Stress, Anxiety and Resiliency: What Emerging Research Tells Us About How Children Handle Pressure

Posted by Dr. Brad Reedy, Founding Partner on August 30, 2013

reedyBased on a New York Times Magazine Article, Published February 6, 2013 by Vera Tutinuk

Emerging knowledge of the brain is now revealing what intuition and experience have been telling Wilderness Therapists for years: often one of the best ways to increase resiliency and foster hardiness in children is to expose them to difficult situations instead of reducing challenges. In addition to exposure, training, and preparation for stressful situations may also mitigate and improve responses under stress.

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Recent studies from Taiwan (where standardized testing is associated with entrance into high school or placement at a vocational training program) may offer some insight into how children respond to stress and how we may learn to facilitate improvement in their performance. While some children may demonstrate giftedness under non-stressful conditions and then have that same trait significantly diminished during times of stress, others seem to thrive when the heat of the spotlight of performance, competition, and stress is highest. Scientists are interested in a genetic marker that tells us something about how we handle stress.

The COMT Gene. This gene carries the assembly code for an enzyme that clears dopamine from the prefrontal cortex. That part of the brain is where we plan, make decisions, anticipate future consequences, and resolve conflicts. “Dopamine changes the firing rate of neurons, speeding up the brain like a turbocharger,” says Silvia Bunge, associate professor of psychology and neuroscience at the University of California, Berkeley. Our brains work best when dopamine is maintained at an optimal level. You don’t want too much, or too little.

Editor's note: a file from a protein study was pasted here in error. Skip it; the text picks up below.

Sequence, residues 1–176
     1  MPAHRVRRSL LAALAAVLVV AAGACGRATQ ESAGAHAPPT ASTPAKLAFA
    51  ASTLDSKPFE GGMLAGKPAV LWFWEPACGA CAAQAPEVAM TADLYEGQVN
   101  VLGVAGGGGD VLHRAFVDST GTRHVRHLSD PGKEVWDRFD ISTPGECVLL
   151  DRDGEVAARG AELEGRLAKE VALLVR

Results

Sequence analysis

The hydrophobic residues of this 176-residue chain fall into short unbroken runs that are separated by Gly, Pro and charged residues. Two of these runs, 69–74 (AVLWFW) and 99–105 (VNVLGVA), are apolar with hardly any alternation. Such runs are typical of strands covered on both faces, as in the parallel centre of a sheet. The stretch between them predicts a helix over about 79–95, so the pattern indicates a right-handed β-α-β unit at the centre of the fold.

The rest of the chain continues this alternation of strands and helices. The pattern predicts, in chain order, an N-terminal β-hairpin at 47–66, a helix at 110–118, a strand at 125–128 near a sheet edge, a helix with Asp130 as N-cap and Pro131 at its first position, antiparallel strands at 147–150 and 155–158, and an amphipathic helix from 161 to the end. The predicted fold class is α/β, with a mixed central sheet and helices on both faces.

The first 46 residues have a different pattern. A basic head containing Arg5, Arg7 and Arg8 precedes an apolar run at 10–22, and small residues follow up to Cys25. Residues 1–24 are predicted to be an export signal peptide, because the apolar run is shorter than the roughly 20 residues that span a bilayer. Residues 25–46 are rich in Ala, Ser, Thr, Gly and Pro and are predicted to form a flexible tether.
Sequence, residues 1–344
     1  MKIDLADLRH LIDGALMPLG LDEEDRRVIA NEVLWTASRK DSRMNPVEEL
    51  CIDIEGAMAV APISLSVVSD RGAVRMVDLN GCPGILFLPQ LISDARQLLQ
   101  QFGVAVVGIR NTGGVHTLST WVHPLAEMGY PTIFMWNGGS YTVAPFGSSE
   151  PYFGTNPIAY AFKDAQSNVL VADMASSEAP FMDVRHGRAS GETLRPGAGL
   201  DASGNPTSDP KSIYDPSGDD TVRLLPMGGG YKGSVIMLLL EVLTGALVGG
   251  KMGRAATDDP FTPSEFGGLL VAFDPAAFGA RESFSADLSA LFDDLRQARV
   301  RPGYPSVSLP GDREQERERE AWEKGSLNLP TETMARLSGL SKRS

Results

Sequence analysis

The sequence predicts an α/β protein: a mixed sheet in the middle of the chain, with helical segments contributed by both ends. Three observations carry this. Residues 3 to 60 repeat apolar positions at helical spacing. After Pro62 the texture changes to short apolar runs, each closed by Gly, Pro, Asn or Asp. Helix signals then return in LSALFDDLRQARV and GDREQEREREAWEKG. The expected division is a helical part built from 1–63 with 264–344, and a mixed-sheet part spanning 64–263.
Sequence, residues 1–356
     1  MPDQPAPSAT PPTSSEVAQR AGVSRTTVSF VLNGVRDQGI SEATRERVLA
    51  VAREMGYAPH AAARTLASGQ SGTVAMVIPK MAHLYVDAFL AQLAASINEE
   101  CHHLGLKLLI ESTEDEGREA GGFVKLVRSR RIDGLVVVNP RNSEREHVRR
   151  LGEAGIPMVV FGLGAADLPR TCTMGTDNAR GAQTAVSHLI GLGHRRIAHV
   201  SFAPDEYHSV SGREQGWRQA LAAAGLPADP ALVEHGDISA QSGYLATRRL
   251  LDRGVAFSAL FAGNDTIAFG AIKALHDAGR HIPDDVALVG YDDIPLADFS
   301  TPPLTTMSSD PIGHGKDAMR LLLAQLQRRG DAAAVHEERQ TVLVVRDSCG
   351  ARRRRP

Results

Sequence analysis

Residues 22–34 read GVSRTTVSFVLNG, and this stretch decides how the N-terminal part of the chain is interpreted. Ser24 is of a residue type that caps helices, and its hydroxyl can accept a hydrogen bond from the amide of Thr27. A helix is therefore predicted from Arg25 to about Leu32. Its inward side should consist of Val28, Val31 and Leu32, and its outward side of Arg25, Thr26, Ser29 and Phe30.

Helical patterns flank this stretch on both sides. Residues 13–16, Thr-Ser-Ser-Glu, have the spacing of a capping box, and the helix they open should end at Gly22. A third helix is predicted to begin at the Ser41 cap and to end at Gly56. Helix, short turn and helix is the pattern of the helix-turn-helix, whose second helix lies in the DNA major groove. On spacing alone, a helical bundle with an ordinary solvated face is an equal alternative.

Some scholars have suggested that we are all Warriors or Worriers. Those with fast-acting dopamine clearers are the Warriors, ready for threatening environments where maximum performance is required. Those with slow-acting dopamine clearers are the Worriers, capable of more complex planning. Over the course of evolution, both Warriors and Worriers were necessary for human tribes to survive.

The Taiwanese students with the slow-acting enzymes sank on the national exam. On average, they scored 8 percent lower than those with the fast-acting enzymes. It was as if some of the A students and B students traded places at test time. [1]

That is, brain-science speaks for the idea that some of us demonstrate very gifted, creative, and bright responses to problems when there is time to prepare and plan, while others seem to excel specifically when the pressure is increased. Many of those who are gifted under normal circumstances seem to crumble when stress is increased. And those who are prone to excel when the pressure is on, maybe underwhelmed and under-stimulated during the drudgery of day-to-day activities.

So is it all predetermined? Is there anything we can do to mitigate the effects of this COMT gene? Research shows that one of the great differences between the Worriers and the Warriors is their perspective on stress. Worriers tend to view stress as detrimental and Warriors tend to view it as motivating. So by changing the idea (first in our (parent) minds) about our children’s responses to “stress”, we might actually increase their ability to perform under pressure. Several studies show that high performers in competition, test-taking, and other pressure situations experience the same level of stress as Worriers, it is just their belief that the stress and anxiety is a positive that changes their response to it.